The first question:
I don't understand. You said that longing is in and of itself divine. Yet you have often said that all desiring, even for God, is mundane and not spiritual.
Longing in its purity is divine, longing when it longs for nothing is divine. The moment an object of longing arises, it becomes mundane. Longing is a pure fire that purifies, longing is a smokeless fire, a smokeless flame. But the moment it becomes attached to any object whatsoever: worldly, otherworldly; money, meditation, God, nirvana, it doesn’t matter – any object, and the longing is no longer pure. It is contaminated by the object. Then the object becomes more important than the longing itself. Then the longing is only a means, it is no longer the end in itself.
And the whole effort of sannyas is to help you drop all objects of longing. Longing will not disappear – in fact, the more objects are dropped, the more intense, the more total the longing will become, because the energy involved in the objects will be released. And there comes a moment when one is simply thirsty – not thirsty for something, but just simply thirsty. Hungry – not hungry for something, just a pure fire of longing. And that very pure fire consumes you, reduces you to ashes. And out of that, something new is born.
This is the meaning of the parable of the phoenix, this is the significance of the parable of the phoenix. The bird dies in a fire that arises within his own being, is consumed by it, disappears into it, and then is resurrected.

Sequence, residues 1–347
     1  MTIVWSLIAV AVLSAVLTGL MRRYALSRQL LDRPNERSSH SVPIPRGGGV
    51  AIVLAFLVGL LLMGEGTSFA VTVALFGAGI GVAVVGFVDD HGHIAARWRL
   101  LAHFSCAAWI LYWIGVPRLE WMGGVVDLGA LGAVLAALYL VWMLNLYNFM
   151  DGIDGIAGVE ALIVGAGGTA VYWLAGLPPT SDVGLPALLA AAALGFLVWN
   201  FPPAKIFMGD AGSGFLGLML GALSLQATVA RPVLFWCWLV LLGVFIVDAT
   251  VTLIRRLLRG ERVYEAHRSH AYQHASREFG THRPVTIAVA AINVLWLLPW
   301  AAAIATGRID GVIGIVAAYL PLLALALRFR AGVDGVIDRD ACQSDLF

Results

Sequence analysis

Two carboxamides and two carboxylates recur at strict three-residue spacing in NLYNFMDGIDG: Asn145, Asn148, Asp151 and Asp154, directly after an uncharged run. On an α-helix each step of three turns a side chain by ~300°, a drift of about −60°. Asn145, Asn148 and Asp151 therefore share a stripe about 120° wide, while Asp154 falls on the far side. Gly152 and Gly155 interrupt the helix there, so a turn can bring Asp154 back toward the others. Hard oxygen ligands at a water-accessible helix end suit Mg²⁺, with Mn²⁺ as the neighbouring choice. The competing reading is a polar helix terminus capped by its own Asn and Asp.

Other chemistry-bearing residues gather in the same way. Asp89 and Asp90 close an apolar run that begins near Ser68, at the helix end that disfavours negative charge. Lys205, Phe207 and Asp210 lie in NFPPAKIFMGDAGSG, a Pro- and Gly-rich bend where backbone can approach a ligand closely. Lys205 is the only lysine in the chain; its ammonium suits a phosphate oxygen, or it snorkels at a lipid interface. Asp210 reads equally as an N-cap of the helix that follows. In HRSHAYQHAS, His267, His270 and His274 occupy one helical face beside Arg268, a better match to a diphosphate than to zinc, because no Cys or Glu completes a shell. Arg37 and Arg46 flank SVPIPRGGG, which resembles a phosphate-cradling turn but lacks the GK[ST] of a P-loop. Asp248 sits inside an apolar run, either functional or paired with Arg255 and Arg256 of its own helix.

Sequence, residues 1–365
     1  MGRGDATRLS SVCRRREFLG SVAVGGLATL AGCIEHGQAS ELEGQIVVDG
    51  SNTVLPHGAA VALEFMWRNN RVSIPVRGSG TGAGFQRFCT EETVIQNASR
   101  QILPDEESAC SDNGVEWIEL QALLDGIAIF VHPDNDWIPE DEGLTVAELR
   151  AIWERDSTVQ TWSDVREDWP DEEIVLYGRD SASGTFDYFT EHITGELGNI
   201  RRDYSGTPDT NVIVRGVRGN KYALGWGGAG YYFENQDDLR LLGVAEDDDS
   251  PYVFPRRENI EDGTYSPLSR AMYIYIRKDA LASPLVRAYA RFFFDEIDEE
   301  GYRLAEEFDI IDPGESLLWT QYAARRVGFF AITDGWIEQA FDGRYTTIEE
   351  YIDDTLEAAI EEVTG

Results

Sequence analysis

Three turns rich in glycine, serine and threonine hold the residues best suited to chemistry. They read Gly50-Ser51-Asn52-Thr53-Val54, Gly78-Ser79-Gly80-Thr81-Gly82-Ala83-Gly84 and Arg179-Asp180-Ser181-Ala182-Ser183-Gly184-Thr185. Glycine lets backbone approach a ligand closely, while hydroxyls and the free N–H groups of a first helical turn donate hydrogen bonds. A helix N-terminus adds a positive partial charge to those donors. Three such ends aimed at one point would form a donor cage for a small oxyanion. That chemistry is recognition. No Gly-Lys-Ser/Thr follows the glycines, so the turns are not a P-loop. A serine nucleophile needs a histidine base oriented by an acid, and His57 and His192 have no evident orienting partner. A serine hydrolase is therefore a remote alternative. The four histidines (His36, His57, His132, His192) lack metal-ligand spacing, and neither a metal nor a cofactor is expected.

And this is the meaning of Jesus’ resurrection too: his dying on the cross and being reborn. Jesus says again and again, “Unless ye are born again, ye will not be able to enter into my kingdom of God.”
But how to be born again unless you die first? An ultimate death has to precede it before the ultimate birth can happen.
I can understand your confusion – because on the one hand I say, “Longing is in and of itself divine.” I repeat it again, it is so. And there is no contradiction when I say that all desiring, even for God, is mundane and not spiritual. Longing is divine. Long for, and you have fallen. This is the original fall. You have lost the purity, the virginity of longing; it has become muddy, it has fallen on the earth, its wings are cut.
There is no contradiction in these two statements. Whenever you find a contradiction in my statements make it a point to meditate over them, because essentially there cannot be a contradiction. Apparently there may be, but now you have to start doing some homework too.